Sinn Fein: On The Slippery Road To Coalition

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Ahead of next weekend’s Sinn Fein Ard Fheis, the Donegal TD Pearse Doherty has stated that the party is willing to talk to either Fine Gael or Fianna Fail about forming a government after next year’s election in the South.

‘We’re open to it, if those parties are willing to come on board, with a proper progressive policy platform’, he said.

There is, however, a problem. No matter what the ‘progressive’ window dressing is, FF and FG want to maintain Ireland as a tax haven for big business.

Both these parties are willing to pay out millions to legal firms to stop Ireland receiving €13 billion  that Apples owes us in tax.

They preside over a situation where multi-nationals and native Irish companies pay tiny amount of tax – proportionately well below what the average worker pays.

The failure to make corporations pay tax helps to explain why Ireland has such poor public services.

The other major aim of FF and FG is to support a native business elite who increasingly rely on property speculation. Not surprisingly, one in three of their TDs are landlords – which helps to explain why there are no proper rent controls.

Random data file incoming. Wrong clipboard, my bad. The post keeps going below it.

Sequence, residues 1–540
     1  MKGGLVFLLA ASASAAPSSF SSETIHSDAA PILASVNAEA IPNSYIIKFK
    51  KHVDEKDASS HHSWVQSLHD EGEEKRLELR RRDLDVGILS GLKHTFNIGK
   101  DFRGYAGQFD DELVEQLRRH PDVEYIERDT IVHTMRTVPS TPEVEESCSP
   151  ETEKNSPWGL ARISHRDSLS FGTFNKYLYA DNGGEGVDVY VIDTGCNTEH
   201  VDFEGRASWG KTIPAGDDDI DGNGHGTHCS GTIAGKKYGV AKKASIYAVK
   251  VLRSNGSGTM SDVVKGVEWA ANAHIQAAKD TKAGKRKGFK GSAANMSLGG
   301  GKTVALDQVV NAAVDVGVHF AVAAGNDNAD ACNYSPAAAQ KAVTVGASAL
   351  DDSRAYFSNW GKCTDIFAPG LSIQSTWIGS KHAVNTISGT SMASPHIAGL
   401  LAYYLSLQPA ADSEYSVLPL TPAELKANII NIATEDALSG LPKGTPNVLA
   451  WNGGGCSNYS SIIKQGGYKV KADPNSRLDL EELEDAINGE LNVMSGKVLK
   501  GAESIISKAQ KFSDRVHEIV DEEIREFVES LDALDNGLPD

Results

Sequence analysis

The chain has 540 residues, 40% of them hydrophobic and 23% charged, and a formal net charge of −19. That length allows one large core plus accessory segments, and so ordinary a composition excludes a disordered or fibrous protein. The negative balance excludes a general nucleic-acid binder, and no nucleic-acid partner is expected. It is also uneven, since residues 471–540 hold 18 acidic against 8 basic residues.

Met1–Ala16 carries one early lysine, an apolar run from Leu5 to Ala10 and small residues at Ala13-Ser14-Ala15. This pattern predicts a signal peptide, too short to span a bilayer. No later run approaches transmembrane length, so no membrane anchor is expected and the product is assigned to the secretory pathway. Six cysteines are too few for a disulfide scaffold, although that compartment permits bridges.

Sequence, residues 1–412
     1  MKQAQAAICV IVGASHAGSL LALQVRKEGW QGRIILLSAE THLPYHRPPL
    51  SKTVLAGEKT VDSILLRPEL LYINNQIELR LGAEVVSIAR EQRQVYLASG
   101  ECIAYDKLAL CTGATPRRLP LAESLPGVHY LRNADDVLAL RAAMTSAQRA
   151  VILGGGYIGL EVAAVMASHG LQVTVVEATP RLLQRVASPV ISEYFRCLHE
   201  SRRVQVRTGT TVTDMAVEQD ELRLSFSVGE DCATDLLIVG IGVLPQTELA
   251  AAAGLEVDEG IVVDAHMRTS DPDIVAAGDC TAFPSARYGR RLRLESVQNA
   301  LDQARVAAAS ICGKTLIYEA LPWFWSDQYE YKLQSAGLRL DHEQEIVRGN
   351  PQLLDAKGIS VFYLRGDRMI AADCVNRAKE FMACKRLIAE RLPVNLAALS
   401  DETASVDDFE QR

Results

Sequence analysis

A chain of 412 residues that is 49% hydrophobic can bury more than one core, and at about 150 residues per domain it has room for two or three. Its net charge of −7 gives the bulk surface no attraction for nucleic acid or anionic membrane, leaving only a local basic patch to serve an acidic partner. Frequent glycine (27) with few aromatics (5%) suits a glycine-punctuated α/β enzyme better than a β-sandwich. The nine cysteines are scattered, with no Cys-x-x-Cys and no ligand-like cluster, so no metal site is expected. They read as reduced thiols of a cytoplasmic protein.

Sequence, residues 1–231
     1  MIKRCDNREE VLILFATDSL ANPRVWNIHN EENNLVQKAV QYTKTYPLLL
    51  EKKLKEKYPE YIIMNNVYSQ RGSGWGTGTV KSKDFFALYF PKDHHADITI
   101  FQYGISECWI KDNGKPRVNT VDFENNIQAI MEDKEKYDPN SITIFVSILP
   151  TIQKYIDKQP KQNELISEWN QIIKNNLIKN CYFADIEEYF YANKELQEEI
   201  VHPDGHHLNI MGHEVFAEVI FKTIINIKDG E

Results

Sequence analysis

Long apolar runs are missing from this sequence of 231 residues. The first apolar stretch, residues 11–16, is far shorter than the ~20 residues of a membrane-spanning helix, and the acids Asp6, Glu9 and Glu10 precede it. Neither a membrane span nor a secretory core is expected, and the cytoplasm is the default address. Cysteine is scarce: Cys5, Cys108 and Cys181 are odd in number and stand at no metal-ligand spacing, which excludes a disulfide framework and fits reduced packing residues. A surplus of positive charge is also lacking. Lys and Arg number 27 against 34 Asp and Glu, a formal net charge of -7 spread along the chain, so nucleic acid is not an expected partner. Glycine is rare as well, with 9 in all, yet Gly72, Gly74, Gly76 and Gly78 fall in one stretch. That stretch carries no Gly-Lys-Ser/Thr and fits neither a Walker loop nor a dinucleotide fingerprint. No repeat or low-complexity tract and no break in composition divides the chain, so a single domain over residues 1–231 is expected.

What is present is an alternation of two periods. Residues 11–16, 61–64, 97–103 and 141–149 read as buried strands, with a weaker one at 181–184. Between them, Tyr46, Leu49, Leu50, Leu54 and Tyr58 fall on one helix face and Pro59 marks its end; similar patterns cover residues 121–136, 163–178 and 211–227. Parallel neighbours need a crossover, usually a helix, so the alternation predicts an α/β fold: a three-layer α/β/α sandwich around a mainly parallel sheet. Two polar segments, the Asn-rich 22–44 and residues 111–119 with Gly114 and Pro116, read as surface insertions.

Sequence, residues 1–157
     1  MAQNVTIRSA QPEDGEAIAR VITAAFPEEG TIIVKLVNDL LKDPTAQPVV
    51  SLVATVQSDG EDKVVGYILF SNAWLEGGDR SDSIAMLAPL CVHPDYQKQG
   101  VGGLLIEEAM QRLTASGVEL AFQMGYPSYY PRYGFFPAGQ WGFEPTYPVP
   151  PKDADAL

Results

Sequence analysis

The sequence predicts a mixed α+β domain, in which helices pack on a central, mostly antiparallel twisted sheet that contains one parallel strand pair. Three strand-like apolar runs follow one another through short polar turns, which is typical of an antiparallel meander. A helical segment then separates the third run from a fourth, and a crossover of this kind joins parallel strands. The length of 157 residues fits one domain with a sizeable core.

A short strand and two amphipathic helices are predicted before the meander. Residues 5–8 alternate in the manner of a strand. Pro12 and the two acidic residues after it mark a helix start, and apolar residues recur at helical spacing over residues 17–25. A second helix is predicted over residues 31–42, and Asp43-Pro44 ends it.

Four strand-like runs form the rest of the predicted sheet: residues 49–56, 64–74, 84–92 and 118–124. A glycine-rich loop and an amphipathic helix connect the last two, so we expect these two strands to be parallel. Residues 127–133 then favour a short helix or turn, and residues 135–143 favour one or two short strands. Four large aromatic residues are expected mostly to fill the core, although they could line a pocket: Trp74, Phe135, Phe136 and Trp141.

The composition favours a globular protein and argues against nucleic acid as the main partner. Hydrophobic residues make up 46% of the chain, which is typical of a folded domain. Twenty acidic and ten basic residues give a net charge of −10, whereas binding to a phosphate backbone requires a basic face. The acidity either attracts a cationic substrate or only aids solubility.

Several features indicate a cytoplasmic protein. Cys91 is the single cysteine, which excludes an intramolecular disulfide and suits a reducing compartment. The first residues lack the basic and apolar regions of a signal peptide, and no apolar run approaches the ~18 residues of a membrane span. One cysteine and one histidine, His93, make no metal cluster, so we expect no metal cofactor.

The plain reality is that FG and FF do not want Sinn Fein in coalition. They would prefer to have the softer, more house trained liberals of Labour or the Greens.

But if the numbers were right and Sinn Fein could guarantee stability they might, somewhat reluctantly, accept.

What is shocking, however, is that Sinn Fein deploys a left wing rhetoric on occasions – but has told us in advance that they will use their votes to prop up a right wing led government, if they get an opportunity.

There can be no change in Ireland as long as FF or FG run the government. And has long as there is no radical change, the prospect of ending partition becomes far or difficult to achieve. We have been warned.